Homily July 11th, 2023

Tuesday of the Fourteenth Week in Ordinary Time –Mt 9:32-38

Today’s Gospel presents us a very profound vision of Jesus Christ and our place in the world. We can consider three things: first, what Jesus sees and feels, second, what He does, and third, what we need to do. What Jesus feels, what He does, and what it means for us.

Matthew tells us that “at the sight of the crowds, his heart was moved with pity for them because they were troubled and abandoned, like sheep without a shepherd.” This tells us a number of things: first, what is it that Jesus sees? “The troubled and abandoned crowds”: these words are very powerful and descriptive. The word for troubled literally means skinned, like skinned alive, or mangled. The word for abandoned means cast aside, thrown off.

Jesus isn’t blind to the sufferings around Him. He sees them and, as true God and true man, He sees and experiences that suffering more deeply than anyone else. As Pope Benedict XVI wrote, “Bernard of Clairvaux coined the marvelous expression: Impassibilis est Deus, sed non incompassibilis—God cannot suffer, but He can suffer with. Man is worth so much to God that he himself became man in order to suffer with man in an utterly real way—in flesh and blood—as is revealed to us in the account of Jesus’s Passion.” Indeed, the word for moved with pity in Greek is used in a few parables, but otherwise only for Jesus.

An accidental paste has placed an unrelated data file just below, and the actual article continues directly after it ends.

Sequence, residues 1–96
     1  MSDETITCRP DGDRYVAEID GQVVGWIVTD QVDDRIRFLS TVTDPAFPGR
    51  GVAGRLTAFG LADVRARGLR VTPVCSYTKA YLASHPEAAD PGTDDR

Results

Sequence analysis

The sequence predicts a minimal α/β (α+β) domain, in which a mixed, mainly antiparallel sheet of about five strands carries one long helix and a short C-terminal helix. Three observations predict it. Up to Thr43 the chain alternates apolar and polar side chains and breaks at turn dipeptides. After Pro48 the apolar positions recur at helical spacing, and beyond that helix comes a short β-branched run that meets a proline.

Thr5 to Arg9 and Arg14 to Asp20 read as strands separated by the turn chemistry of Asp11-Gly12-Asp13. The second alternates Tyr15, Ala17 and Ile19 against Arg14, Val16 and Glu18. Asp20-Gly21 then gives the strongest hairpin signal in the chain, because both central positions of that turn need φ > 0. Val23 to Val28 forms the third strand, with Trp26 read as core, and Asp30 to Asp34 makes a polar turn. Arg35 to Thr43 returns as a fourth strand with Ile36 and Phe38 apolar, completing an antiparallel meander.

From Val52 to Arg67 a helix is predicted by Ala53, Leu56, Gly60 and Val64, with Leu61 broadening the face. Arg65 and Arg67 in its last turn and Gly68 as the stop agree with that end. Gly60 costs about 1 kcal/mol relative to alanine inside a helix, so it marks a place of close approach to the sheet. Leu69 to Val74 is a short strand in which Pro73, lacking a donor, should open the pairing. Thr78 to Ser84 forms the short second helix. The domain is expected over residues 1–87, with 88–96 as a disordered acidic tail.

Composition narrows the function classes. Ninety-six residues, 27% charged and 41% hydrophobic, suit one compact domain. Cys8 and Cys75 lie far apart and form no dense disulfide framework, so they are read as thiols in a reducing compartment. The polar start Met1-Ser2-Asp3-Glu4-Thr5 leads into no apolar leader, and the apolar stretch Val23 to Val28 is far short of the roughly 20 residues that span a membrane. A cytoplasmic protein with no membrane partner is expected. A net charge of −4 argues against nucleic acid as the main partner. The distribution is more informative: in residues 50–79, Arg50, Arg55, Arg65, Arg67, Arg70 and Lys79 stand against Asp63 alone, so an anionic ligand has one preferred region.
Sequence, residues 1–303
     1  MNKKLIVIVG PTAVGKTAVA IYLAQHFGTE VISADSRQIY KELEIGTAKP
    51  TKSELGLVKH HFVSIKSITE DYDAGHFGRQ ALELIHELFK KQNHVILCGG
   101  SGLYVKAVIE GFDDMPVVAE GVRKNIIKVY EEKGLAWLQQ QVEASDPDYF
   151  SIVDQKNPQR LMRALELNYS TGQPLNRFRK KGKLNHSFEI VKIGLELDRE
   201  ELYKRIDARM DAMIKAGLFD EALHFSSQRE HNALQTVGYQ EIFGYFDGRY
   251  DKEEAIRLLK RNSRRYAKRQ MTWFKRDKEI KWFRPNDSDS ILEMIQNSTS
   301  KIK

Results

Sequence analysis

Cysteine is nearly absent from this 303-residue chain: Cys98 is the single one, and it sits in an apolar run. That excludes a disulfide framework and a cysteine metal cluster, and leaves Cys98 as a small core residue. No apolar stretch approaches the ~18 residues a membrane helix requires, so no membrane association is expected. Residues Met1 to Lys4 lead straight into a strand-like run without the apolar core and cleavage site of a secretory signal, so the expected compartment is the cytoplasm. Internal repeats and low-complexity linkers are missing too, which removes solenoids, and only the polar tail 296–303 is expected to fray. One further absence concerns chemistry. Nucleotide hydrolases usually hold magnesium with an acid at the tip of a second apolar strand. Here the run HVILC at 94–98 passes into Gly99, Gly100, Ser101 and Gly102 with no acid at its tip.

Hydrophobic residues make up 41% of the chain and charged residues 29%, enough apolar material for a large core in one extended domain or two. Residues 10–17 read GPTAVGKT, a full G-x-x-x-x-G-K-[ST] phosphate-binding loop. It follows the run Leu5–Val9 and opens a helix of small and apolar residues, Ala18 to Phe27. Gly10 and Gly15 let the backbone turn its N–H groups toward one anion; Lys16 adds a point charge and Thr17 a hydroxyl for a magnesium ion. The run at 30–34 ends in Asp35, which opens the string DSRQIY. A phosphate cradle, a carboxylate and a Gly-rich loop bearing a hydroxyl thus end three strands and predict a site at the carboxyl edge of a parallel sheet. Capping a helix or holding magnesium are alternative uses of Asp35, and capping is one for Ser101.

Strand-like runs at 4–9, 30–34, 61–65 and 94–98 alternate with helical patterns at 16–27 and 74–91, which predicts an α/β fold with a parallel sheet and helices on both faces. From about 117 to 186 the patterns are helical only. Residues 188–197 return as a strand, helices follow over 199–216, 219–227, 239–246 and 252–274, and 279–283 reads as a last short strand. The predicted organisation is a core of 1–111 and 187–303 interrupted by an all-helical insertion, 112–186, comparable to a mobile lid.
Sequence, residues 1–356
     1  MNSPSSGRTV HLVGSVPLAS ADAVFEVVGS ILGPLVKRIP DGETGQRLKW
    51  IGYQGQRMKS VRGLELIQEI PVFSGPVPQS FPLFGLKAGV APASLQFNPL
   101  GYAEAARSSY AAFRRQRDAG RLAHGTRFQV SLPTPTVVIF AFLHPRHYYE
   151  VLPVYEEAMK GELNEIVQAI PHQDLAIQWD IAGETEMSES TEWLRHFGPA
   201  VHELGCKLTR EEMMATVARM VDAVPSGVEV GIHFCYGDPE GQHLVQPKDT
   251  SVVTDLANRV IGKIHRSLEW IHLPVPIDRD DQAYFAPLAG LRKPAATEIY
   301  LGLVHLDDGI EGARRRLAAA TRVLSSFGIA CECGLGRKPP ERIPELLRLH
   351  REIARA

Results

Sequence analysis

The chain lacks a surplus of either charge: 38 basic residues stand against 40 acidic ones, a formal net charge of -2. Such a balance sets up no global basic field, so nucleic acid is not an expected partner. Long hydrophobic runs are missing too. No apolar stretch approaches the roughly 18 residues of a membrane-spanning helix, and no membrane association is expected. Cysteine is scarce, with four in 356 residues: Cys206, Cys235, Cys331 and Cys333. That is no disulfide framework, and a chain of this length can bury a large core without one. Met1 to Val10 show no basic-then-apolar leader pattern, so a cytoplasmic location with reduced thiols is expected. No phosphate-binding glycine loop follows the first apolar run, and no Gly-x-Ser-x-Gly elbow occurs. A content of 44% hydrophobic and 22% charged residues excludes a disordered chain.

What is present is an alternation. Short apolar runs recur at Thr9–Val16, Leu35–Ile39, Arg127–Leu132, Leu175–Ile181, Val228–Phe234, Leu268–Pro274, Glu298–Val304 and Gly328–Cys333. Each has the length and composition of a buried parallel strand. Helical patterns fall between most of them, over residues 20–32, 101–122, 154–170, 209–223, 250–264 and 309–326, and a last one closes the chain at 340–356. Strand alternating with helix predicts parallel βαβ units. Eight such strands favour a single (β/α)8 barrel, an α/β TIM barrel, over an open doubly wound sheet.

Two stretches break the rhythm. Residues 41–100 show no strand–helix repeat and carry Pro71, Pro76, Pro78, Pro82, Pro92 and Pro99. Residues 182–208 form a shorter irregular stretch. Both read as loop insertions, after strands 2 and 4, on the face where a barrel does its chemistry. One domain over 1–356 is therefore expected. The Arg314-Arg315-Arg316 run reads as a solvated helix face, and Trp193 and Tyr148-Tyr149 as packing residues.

What is it that Jesus does? He casts out demons, teaches, proclaims the Good News, and heals “every disease and illness.” He goes about doing good, and helping. It’s interesting that Jesus could’ve healed everyone at a word, at a distance, but He doesn’t. He Himself goes about doing good, personally making contact with all those people.

However, Jesus sees the great need and tells His listeners: “The harvest is abundant but the laborers are few; so ask the master of the harvest to send out laborers for his harvest.” Here, there are two things that call our attention. First, even in Jesus’ day, there was a need for laborers, for people to help Jesus in His work. Again, that need is not absolute, meaning, that Jesus couldn’t have done it in another way, but He wants us to work. For some, that means the calling of our vocations to be co-operators in the Lord’s vineyard, but for all of us, there is a request: “Ask the master of the harvest to send out laborers.” Pray for vocations. If there was anything that was more effective than this, Jesus would’ve taught it, but He didn’t. He said simply to pray. This remains our constant calling: to pray for vocations. Jesus Himself knows the need; He sees it, and better than we do. He also want to help, and all He asks is that we pray for more laborers. God wants this; the harvest is “His.” All we need to do is to desire the same, and to pray.

We can ask ourselves: how well do we trust in Christ’s love for us, that He knows our sufferings and has compassion on them? Today, let us ask, through the intercession of Mary, Health of the Sick, for the grace to always pray for vocations, and to never forget that Christ knows our sufferings and is with us in the midst of them.

Share

Facebook
Twitter
Email

Other posts

Deacons

A. Institution of the Diaconate in the Church The diaconate